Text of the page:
Genetic resilience and adaptation of the endangered Chinese hazelnut

已发布 19 五月, 2024

Endangered species are often characterized by severe population decline or even near-extinction status during their demographic histories. Such threats usually stemmed from historical climate changes and human activities. For small, isolated populations, genetic drift can lead to inbreeding depression, erosion of genetic diversity and accumulation of deleterious mutations, which further decrease the adaptive potential and increase the extinction risk when facing volatile natural habitats or climate. Elucidating the demographic history of threatened species and the impact of genomic erosion on endangerment is fundamental to implement effective management and conservation. 

Corylus chinensis (CCH), the Chinese hazelnut, was widely distributed across Asia during the Tertiary period. However, it is now endangered and only disjunctively distributed in the mid-high mountains of subtropical China. Notably, its genetic characteristics, demographic history and adaptive potential remain largely unknown.

To that end, a team of researchers from China generated the first chromosome-level genome of the endangered C. chinensis, performed genomics and conservation genomics study, and compared the genomic signatures of population collapse, local adaptation, and genetic recovery with its sympatric widespread C. kwechowensis-C. yunnanensis complex (CKY).

“We found large genome rearrangements across all Corylus species and identified species-specific expanded gene families in C. chinensis that may be involved in adaptation,” shares co-corresponding author Zhaoshan Wang. “Population genomics revealed that both CCH and CKY had diverged into two genetic lineages, forming a consistent pattern of southwest-northern differentiation (SW vs N).”

Specifically, demographic inference suggested that population size of the narrow SW lineages (CCH_SW and CKY_SW) decreased continuously since the late Miocene, while the widespread N lineages remained stable (CCH_N) or even recovered (CKY_N) from population bottlenecks during the Quaternary.

Compared with CKY, CCH showed comparable genomic diversity and heterozygosity, but higher inbreeding levels measured by runs of homozygosity. However, CCH carried significantly fewer deleterious mutations than CKY, as more effective purging selection reduced the accumulation of homozygous variants. The team published their study in the KeAi journal Plant Diversity.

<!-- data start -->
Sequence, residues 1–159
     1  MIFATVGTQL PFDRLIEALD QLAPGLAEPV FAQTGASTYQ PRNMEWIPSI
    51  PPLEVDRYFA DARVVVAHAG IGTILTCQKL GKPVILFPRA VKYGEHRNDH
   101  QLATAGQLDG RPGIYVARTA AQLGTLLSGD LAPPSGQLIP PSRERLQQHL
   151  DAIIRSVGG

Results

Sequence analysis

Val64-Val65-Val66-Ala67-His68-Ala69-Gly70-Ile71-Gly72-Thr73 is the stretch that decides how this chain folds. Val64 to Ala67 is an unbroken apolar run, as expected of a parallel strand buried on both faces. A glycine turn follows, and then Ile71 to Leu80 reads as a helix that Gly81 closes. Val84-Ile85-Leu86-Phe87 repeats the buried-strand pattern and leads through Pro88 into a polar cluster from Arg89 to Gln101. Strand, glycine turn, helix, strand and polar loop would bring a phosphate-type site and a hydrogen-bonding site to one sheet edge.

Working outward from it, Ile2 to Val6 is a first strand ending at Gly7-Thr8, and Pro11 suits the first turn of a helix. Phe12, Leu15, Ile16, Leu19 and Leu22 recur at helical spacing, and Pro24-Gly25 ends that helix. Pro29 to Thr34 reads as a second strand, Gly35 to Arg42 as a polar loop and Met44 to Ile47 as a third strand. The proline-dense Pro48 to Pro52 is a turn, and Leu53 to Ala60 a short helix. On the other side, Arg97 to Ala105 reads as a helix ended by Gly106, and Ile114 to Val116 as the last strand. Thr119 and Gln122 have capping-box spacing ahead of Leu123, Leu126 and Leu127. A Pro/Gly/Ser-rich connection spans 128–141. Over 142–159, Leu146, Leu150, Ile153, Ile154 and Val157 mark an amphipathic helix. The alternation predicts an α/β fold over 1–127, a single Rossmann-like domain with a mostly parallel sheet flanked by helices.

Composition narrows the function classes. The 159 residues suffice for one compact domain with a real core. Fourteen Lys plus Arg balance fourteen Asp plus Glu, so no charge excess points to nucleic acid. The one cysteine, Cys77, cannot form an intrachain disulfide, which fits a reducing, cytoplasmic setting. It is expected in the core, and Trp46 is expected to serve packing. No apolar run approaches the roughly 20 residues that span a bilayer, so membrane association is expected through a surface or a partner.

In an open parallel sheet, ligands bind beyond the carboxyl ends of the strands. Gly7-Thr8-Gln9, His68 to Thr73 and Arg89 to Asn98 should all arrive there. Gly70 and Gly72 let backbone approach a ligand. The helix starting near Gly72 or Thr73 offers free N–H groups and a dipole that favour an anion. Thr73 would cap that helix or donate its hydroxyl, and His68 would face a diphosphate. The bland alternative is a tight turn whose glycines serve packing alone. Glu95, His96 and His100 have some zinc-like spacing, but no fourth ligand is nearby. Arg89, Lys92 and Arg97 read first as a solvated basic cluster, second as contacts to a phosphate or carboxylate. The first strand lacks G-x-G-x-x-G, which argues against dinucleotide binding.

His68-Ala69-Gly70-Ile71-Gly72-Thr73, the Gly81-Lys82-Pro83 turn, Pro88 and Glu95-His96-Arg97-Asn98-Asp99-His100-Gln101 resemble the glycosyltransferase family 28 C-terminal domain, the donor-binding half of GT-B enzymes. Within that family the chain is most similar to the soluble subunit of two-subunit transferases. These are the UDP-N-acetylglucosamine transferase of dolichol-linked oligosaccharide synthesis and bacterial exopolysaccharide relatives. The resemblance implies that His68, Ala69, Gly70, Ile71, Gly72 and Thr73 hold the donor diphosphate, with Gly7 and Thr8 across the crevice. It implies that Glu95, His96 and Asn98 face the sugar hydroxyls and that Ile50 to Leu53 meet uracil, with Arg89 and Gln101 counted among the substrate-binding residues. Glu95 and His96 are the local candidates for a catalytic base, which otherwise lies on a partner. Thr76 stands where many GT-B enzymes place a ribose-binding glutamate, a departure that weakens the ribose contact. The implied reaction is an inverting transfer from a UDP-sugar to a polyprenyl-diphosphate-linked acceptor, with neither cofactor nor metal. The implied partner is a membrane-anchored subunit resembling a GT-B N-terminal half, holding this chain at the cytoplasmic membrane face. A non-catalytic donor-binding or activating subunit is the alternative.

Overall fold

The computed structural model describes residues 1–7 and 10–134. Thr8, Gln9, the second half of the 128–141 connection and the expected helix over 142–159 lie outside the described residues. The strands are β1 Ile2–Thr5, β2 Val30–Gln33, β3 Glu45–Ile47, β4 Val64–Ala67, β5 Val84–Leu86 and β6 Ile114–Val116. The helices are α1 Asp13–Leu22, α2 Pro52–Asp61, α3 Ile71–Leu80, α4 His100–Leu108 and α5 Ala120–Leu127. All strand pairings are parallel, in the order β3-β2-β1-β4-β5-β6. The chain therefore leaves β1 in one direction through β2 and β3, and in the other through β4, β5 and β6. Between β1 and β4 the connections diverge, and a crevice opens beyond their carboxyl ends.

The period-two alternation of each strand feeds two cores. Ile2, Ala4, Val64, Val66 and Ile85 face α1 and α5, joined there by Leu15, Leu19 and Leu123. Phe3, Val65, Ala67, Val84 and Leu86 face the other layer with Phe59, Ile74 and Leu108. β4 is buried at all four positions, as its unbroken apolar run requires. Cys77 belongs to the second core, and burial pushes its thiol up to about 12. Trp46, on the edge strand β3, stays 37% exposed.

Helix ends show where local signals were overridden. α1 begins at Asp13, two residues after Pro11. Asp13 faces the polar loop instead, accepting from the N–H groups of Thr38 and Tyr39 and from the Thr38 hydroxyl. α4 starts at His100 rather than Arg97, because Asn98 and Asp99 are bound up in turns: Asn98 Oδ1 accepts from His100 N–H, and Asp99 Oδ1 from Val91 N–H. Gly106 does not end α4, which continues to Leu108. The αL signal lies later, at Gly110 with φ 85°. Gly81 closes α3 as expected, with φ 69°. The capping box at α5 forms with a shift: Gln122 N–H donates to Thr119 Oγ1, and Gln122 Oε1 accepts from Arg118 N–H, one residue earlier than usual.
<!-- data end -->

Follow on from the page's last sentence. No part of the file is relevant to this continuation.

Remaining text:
“We also detected significant signals of positive selection and adaptive introgression in different lineages, which facilitated the accumulation of favorable variants and formation of local adaptation. Hence, both types of selection and exogenous introgression could have mitigated inbreeding and facilitated survival and persistence of outcrossing CCH,” adds Wang.

Overall, the study provides critical insights into the lineage differentiation, local adaptation and potential for future recovery of endangered trees.

Figure caption: Morphological characteristics and genome information of C. chinensis. (A) Mature leaf. (B) Fruits with bracted involucres. (C) Mature seeds. (D) Map showing the distribution of the 22 populations used in this study. (E) Circos plot showing the genomic features of C. chinensis. (F) Venn diagram of PSGs: the left indicated PSGs within CCH_SW identified by FST, π ratio, and XP-CLR methods, and the right indicated PSGs shared between CCH_SW and CCH_N. (G) GO enrichment scatter plot of PSGs in CCH_SW. (H) Selection signatures specific to Chr03.

Contact author name, affiliation, email address:

Zhen Yang, Research Institute of Forestry, Chinese Academy of Forestry, Beijing, 100091, China,


This work was supported by the National Natural Science Foundation of China (Grant No. 32101541) and the National Key R&D Program of China (Grant No. 2022YFD2200400).

Conflict of interest: 

The authors declare that they have no known competing financial interests or personal relationships that could have appeared to influence the work reported in this paper.

See the article: 

Yang, Z., et al., Conservation genomics provides insights into genetic resilience and adaptation of the endangered Chinese hazelnut, Corylus chinensis. Plant Diversity.

回到 新闻